by Ariana Wiseman ’24
After almost two years without Shabbatons, on September 17, 150 freshmen and sophomores went on a combined trip to Camp Ramah in the Berkshires for their Shabbaton. Later this year, in the spring, they will also be traveling to Israel together. Director of Student Life Josh Ull put together this weekend to bring students together after being apart for 18 months.
“I think we pulled the Shabbaton off with flying colors,” Ull said. “I think everyone wanted to be there and felt the need just to get away and have time to bond with others from their grade for the first time in almost two years.”
The Class of 2024 did not have their Shabbaton last year due to COVID, making it hard for last year’s freshmen to get to know each other and bond as a grade.
“I was pleasantly surprised that the sophomore class, which had not really had a year of socializing with each other [last year], really fell into their community naturally very early on in the weekend,” Ull said. “If this bonding could happen so quickly, I think the Israel trip is going to be
so amazing. In addition, the Israel trip will take programming and socializing to new heights.”
Ull said the Israel trip, which will take place in February 2022 will build upon what the Shabbaton already began.
“I think that the Israel trip harnesses the power of travel in ways that the sophomore and freshman class has never had before,” Ull said. “It’s one thing to go to Washington D.C., it’s one thing to go to Connecticut for a Shabbaton, but it’s a whole nother thing to go across the world with two grades at once.”
When Ull found out he would be joining the students on their Israel trip, he was very excited because he loves trying new things and traveling with high school students.
In addition to his many other peers, freshman Ari Mayblum joined his fellow students on the Shabbaton. Instead of placing students with close friends this year, the school randomly assigned the students into bunks.
“Originally, I had thought that if I didn’t have a lot of close friends in my bunk, I wouldn’t enjoy the Shabbaton as much, but having new kids in my bunk, I was able to get to know them well,” Mayblum said. “The bunks allowed me to become closer with people who I probably would not have been close friends with if I had not been in the same bunk as them.”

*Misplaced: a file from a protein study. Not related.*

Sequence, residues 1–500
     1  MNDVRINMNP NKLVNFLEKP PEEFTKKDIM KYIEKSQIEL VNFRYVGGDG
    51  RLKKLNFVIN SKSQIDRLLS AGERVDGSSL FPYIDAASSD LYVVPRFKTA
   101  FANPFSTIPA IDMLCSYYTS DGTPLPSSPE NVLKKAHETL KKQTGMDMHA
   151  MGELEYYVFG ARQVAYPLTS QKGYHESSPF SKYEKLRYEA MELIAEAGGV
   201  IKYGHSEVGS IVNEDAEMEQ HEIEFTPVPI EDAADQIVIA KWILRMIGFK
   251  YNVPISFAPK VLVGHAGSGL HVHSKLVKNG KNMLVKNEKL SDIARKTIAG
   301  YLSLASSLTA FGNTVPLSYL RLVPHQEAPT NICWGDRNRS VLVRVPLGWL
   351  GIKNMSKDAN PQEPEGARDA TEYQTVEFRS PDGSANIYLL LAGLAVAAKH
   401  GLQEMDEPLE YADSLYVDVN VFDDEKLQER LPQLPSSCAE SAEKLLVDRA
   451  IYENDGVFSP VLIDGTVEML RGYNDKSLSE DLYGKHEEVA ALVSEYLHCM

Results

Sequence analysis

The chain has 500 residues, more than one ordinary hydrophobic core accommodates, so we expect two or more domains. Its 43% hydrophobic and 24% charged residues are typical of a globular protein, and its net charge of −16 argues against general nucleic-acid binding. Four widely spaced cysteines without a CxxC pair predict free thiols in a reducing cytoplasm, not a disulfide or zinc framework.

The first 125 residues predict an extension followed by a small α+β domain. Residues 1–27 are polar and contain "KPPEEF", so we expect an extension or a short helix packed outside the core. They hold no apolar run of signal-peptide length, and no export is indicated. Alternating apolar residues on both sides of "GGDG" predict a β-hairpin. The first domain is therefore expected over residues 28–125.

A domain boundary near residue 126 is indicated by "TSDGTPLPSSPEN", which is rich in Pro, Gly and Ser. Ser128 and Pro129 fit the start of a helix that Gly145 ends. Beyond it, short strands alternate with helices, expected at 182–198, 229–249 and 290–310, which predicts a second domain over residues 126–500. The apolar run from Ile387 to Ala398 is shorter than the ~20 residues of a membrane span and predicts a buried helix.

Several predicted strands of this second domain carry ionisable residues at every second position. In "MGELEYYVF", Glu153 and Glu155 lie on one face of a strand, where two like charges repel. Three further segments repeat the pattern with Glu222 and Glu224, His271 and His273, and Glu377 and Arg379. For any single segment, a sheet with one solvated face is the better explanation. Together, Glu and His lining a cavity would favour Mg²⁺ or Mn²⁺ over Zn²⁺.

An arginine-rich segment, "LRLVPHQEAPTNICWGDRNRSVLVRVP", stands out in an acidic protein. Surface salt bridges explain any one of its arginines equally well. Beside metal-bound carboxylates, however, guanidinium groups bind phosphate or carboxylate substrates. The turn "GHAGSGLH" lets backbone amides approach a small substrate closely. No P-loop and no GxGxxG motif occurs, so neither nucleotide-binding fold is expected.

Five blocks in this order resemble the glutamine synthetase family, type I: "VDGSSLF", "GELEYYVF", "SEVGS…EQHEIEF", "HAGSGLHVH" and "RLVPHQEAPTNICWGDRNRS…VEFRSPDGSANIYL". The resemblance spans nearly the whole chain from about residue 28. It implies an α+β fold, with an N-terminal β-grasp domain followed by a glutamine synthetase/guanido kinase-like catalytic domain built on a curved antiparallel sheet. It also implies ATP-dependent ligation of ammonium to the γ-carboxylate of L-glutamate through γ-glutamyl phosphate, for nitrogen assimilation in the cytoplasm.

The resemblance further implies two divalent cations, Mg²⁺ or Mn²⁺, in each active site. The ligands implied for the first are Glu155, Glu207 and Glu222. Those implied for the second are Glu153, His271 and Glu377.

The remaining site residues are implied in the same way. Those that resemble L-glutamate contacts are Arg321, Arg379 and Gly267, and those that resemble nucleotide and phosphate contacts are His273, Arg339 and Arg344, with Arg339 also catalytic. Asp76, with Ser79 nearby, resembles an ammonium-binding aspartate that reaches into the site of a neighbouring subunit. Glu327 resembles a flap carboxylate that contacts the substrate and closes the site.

Now that Mayblum has new friends from the Shabbaton, he is even more excited to visit places in Israel he has never been to before.
“I am very happy that our grades have another chance at going to Israel, and I also think that the new people are lucky too because I know they originally would have joined the year after we go but now they’re able to visit Israel with the returning students,” Mayblum said.
Sophomore Abby Farca felt that students were given a lot of freedom and bonded with new people at that time. Although having over 100 students on the Shabbaton was simple, Farca said it will be different for the Israel trip.
“I love the closeness of the Shabbaton with everyone, and I’m sure in a different country, that will just strengthen how close everyone gets,” Farca said. “Although, we will probably have a lot less freedom because we will be in a different country.
Another positive side of this Shabbaton was that students spent time with peers with whom they do not normally interact.
“I was able to see how everyone is like outside of school, and they are all so much nicer and more friendly when you’re with them for a longer amount of time,” Farca said. “It was so nice because I got to know a lot more than I would have in school, and I feel like that’s how Israel is going to be.”
Ull is hopeful that grades eight, nine, ten and twelve all go to Israel this spring.
“The main thing to know is that this school will do whatever it takes to get our students to Israel as long as they can come and go safely,” Ull said.